November 1999


Ciao, amico

Topsham, Devon 23 November 1999 This past December, it would have been ten years since Nello Ghezzo came to Topsham and opened his restaurant. A decade is not long in Topsham, where some families have lived for hundreds of years, but within that brief period, it is true to say that Nello became a part of the Topsham community in every sense.
That Nello became a part of the Topsham community is a credit to his warm, open, generous character. It is also a credit to this very special community, a community where we stranieri -- outsiders from other towns, or worlds and cultures -- can come and find a place that can be home.
It is not possible for any of us to remember Nello without recalling happy times in Nello’s Ristorante Italiano. What a wonderful, special place he created for us all to enjoy, a small but wholly authentic corner of Italy that completely reflected Nello’s personality and joy of life, a joy that came through in Nello’s glorious and abundant foods and sun-filled Italian wines. It is no surprise to me that Nello’s was awarded in 1997 a prestigious national award sponsored by Galbani as ‘The Best Pizza and Pasta Restaurant’ in Britain. For those of us who love real Italian food, we were fortunate indeed that Nello chose to come here.
But Nello’s, for many of us, was more than just a place to come to eat. Whenever we wanted to celebrate -- a birthday, an anniversary, the passing of exams or a driving test, a christening, baptism, wedding, a professional success, or simply the getting through of another day -- we went to Nello’s to share our happiness with Nello. When we were sad, and needed cheering up or commiseration, we went for the comfort of Nello’s food, his wines, and his constant good cheer.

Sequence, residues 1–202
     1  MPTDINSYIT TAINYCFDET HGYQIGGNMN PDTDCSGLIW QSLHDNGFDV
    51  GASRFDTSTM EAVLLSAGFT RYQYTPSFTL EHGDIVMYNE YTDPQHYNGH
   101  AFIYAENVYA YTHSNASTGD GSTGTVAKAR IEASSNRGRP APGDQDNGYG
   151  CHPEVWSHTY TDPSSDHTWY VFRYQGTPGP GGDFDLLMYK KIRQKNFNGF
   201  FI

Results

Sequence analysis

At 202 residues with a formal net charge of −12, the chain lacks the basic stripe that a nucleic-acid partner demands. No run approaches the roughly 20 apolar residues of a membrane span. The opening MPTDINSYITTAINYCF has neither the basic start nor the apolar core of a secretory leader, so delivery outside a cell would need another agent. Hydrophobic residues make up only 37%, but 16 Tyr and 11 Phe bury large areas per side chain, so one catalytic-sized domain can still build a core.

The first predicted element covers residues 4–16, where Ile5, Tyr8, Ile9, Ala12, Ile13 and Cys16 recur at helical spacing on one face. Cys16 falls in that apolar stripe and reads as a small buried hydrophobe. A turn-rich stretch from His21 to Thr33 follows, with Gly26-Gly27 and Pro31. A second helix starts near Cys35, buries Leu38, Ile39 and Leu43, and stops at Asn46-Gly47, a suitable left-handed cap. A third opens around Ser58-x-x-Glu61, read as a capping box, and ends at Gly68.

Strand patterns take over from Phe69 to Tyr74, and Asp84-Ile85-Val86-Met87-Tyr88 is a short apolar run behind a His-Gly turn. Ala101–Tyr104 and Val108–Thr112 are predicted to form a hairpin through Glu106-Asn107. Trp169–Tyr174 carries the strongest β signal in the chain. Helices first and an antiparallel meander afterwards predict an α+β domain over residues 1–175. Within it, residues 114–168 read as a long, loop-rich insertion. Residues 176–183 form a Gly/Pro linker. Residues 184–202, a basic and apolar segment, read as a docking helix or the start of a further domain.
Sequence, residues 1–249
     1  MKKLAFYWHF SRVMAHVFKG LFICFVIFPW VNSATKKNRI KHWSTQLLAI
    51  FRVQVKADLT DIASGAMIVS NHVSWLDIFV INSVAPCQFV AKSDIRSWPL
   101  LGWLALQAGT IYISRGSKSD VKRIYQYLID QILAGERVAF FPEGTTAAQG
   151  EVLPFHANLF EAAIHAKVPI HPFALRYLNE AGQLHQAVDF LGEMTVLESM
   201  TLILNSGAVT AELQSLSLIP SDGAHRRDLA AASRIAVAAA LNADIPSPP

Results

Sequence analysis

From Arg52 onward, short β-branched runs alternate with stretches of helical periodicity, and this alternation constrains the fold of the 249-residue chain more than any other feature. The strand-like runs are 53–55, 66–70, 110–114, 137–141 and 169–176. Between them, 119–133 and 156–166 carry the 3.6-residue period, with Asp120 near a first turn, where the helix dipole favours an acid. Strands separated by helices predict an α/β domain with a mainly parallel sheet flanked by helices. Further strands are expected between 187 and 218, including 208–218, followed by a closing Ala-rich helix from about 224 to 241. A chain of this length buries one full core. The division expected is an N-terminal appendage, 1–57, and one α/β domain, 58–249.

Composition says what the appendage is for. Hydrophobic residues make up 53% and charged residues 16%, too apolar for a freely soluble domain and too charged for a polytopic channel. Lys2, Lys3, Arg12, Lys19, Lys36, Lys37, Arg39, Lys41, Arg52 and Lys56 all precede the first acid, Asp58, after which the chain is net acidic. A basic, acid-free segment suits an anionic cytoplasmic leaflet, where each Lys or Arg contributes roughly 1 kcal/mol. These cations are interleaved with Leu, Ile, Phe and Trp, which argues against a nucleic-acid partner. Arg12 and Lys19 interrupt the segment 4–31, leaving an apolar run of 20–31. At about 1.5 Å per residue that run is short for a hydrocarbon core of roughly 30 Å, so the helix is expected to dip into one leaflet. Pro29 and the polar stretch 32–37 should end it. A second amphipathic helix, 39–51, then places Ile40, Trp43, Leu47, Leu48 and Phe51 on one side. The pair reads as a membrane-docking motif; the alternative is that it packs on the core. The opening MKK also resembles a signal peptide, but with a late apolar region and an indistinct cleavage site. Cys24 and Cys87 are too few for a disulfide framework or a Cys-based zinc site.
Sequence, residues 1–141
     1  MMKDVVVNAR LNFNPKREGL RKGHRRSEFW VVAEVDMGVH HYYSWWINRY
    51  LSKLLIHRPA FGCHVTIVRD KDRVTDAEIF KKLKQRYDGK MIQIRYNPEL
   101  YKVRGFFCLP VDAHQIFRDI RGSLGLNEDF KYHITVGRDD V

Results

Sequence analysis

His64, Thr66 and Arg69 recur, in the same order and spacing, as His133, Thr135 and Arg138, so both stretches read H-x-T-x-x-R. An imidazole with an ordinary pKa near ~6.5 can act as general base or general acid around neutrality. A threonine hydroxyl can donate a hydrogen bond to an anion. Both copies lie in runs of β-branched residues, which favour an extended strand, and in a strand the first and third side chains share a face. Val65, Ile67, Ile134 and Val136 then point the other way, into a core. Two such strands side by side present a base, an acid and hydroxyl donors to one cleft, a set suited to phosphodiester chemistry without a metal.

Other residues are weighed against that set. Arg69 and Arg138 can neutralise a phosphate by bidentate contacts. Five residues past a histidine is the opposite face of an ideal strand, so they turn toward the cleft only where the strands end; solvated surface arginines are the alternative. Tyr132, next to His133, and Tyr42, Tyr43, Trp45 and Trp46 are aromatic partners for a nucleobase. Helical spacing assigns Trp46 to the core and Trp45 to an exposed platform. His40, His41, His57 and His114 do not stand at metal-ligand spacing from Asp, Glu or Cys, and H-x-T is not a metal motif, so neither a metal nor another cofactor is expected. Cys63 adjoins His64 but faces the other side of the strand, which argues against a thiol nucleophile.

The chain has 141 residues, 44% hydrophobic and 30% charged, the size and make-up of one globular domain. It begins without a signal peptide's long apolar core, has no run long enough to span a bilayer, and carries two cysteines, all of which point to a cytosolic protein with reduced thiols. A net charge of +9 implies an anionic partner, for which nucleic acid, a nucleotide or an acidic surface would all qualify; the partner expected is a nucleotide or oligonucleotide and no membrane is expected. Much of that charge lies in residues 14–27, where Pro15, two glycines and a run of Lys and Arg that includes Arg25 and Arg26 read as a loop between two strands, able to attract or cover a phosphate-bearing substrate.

When our babies were born, we carried them into the restaurant to toast them with Barolo, and our children grew up in the security and knowledge that sharing good food and wine among friends young and old is part of the joy of being alive. For indeed Nello liked nothing more than to have children in his restaurant.
Sometimes we went to Nello’s simply because we were hungry and in need of sustenance, a bowl of pasta, a glass of wine. Often we gathered there for friendship, dropping in on Saturdays for a cappuccino and a chat, after group cycles on Sunday mornings, and late at nights, after Nello had finished work, to share food, wine, perhaps a grappa or two, but most of all to share amicizia, friendship.